If something I like turns up (27 inch iMac, 24 inch chinless, or tablet portable), I wouldn't wait for October and Leopard. I would need to buy a Universal family pack of Leopard regardless of what I buy.

Thursday 19 April 2007

Which Audio Connects to What?

Obviously I don't need to allow for phono (LP records are obsolete), or new failed formats like DVD-A or SACD. AM/FM radio reception here is so poor that there is no point having an AV receiver. Radio content here is not worth listening to. CDs content is all held on my computer.

Most analogue audio sources (AirPort Express, computers, iPods, radio) are 3.5 mm stereo. DVD or VCR are RCA.

I have several stereo and monoblock amplifiers, even a 5.1 amplifier, all of which accept RCA inputs, so standard RCA to RCA or 3.5 stereo to RCA cables are all that is needed. I have a couple of active speakers that accept 3.5 mm stereo.

Digital sources from computers and Airport Express are all mini optical Toslink S/PDIF. DVD is a regular optical Toslink S/PDIF. While I have no stand alone amplifiers that accept Toslink S/PDIF, two of my active speakers accept optical input.

Future trends. More sources involving computers, internet, iPods, Ethernet, 802.11 connections. All the music stored on computer drives. Traditional sources like radio, CD rapidly disappearing. Convenient active loudspeakers increasingly standard. No need for AV receivers, stereo amplifiers.

Friday 20 April 2007

Which Video Connects to What?

The Whitsunday Terraces apartment has an F type video distribution jack, which provides analogue free to air TV and analogue cable. The distribution amplifier and wiring probably can not handle digital, and an outside antenna is not permitted. There is a mountain between the building and the transmission tower, so getting a signal would be difficult even with a decent antenna. Individual cable isn't available, and the existing cabling is why the cable feed is converted to analogue before distribution (not that satellite cable is going to provide high definition).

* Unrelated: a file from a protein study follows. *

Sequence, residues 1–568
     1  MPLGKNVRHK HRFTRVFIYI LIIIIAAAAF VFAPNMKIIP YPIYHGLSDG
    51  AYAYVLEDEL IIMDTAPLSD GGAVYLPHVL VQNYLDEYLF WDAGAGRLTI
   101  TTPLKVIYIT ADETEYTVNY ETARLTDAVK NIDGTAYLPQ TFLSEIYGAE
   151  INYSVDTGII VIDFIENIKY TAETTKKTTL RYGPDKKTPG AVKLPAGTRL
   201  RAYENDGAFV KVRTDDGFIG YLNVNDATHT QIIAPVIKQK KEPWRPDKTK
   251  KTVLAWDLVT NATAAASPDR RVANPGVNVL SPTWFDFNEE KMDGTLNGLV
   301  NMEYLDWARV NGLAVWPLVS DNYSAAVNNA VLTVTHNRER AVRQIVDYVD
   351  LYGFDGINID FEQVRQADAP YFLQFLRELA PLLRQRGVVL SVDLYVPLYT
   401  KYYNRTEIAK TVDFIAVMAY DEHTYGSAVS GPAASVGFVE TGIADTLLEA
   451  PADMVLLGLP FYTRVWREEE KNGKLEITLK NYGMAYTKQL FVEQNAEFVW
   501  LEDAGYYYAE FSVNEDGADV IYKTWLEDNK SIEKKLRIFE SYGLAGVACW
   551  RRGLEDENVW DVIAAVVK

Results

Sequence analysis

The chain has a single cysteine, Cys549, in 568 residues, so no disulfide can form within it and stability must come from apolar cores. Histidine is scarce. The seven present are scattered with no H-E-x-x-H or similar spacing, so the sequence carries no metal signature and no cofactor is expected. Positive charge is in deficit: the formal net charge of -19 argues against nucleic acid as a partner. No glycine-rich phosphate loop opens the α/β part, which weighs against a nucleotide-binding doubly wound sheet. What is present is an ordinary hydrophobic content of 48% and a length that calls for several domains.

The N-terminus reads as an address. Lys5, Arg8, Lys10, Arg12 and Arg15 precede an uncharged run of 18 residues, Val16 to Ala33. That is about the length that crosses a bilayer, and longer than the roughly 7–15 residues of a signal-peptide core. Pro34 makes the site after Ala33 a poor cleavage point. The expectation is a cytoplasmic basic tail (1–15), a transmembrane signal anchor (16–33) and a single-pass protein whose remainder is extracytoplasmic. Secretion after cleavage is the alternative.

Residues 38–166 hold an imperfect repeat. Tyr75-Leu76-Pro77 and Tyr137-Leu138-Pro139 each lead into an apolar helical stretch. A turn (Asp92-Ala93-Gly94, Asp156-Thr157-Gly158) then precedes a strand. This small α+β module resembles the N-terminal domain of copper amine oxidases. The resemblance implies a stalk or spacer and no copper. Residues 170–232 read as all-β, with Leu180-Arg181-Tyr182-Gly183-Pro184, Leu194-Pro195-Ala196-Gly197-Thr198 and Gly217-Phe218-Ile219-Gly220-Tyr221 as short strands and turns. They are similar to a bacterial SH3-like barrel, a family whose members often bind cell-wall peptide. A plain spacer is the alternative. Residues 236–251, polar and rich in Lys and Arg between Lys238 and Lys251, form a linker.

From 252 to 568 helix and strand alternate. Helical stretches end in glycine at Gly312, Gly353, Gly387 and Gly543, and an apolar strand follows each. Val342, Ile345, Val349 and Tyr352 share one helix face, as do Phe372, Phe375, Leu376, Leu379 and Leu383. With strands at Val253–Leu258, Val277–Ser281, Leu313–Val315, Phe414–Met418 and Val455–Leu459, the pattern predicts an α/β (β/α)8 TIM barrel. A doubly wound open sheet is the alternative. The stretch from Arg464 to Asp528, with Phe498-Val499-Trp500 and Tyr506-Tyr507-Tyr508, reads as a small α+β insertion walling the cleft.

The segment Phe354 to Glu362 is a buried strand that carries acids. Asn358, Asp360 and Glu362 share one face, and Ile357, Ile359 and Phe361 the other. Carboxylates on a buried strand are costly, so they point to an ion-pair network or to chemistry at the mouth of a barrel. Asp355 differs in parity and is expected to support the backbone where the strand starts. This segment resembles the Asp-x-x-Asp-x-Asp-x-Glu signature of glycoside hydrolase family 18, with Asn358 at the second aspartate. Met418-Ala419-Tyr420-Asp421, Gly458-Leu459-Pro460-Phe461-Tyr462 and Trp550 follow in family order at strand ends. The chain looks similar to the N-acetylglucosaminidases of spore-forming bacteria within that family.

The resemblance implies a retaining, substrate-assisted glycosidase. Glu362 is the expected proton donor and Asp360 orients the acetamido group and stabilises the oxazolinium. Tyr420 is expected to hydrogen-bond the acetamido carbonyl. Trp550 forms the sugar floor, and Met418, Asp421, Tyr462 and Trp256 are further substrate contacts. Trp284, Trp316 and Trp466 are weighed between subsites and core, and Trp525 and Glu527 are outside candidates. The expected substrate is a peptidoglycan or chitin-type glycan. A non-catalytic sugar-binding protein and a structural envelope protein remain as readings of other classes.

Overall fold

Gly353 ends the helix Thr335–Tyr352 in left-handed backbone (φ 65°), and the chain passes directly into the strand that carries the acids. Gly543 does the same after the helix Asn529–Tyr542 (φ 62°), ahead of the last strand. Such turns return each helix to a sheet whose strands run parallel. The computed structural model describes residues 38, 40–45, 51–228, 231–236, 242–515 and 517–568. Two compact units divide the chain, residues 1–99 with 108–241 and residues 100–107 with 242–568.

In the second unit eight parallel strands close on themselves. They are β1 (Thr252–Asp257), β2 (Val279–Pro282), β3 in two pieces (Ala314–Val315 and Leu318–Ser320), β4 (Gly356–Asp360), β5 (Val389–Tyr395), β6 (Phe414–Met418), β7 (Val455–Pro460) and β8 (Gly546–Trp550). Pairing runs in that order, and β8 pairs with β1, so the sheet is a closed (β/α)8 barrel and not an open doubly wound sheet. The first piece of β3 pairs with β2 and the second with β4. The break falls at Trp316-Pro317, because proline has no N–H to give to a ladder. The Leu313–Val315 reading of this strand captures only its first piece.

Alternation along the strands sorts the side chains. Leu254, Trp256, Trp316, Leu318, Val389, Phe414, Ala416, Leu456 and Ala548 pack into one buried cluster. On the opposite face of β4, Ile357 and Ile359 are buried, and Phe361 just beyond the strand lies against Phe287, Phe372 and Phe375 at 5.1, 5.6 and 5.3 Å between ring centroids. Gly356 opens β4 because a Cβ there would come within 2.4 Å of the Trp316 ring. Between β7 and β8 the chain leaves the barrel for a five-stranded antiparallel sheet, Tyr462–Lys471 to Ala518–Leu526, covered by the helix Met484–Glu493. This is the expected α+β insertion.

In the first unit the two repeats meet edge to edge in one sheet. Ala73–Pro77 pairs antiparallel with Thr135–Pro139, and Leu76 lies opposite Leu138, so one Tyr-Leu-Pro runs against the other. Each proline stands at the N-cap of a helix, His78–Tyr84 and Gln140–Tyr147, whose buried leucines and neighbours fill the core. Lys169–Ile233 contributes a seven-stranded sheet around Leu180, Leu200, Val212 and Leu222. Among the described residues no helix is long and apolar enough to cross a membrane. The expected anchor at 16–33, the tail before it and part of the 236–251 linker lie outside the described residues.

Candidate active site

I dumped my TV in 2006, but still wanted to catch news at times. An old VCR worked as a tuner, feeding the composite video input of my computer monitor. The computer monitor was larger than the TV, so the TV was no loss. To save some space, I replaced the old VCR with a VCR and DVD combination. TV and cable still connected to composite. DVD output connected via component connections, which gives much nicer results from DVDs.

Computers use the DVI and VGA connections of computer monitor. I imagine eventually all the DVD contents will be converted into computer files, and I won't need the DVD player.

Saturday 21 April 2007

Canon PowerShot S3 IS long zoom camera

Canon PowerShot S3 IS. I rather like Canon's long zoom digital cameras, and you don't need top end for the sort of web site photos I want. So even six megapixel (2816 x 2112) is overkill, and in the small sensor may push up the noise. However having a decent zoom is something I need for some shots. Canon has 12 times optical zoom (I ignore digital zoom). Plus it has the other essential for large zoom cameras, optical image stabilising. My Kodak Z740 has nearly as much zoom, but lacks stabilisation.

It uses 4 AA batteries, something I regard as essential, and can take 500 shots using 2500 mA NiMH. All glass lens is a feature. I hate the electronic viewfinders, but these days seem to have little choice. The LCD display is unusable in the tropics, just like every other one I have encountered. However the articulated LCD can be positioned in a remarkable number of ways. ISO rating can be set as high as 800, although I doubt I would push that high. It is a heavy camera (410 g) , and not something to fit in a pocket. However it does start up quickly (1.4 seconds).